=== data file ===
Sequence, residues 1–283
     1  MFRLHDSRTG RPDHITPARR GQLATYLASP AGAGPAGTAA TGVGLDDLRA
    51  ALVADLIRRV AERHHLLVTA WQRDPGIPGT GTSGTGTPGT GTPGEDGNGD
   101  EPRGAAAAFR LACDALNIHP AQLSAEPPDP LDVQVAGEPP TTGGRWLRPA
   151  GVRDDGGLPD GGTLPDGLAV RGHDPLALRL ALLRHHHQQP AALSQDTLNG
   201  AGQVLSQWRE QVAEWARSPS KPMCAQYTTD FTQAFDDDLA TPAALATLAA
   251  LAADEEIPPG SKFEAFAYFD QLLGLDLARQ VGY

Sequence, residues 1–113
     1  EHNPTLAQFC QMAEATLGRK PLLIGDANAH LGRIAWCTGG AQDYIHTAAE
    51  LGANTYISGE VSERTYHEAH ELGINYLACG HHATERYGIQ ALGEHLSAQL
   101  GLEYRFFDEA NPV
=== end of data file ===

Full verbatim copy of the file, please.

Sequence, residues 1–283
     1  MFRLHDSRTG RPDHITPARR GQLATYLASP AGAGPAGTAA TGVGLDDLRA
    51  ALVADLIRRV AERHHLLVTA WQRDPGIPGT GTSGTGTPGT GTPGEDGNGD
   101  EPRGAAAAFR LACDALNIHP AQLSAEPPDP LDVQVAGEPP TTGGRWLRPA
   151  GVRDDGGLPD GGTLPDGLAV RGHDPLALRL ALLRHHHQQP AALSQDTLNG
   201  AGQVLSQWRE QVAEWARSPS KPMCAQYTTD FTQAFDDDLA TPAALATLAA
   251  LAADEEIPPG SKFEAFAYFD QLLGLDLARQ VGY

Sequence, residues 1–113
     1  EHNPTLAQFC QMAEATLGRK PLLIGDANAH LGRIAWCTGG AQDYIHTAAE
    51  LGANTYISGE VSERTYHEAH ELGINYLACG HHATERYGIQ ALGEHLSAQL
   101  GLEYRFFDEA NPV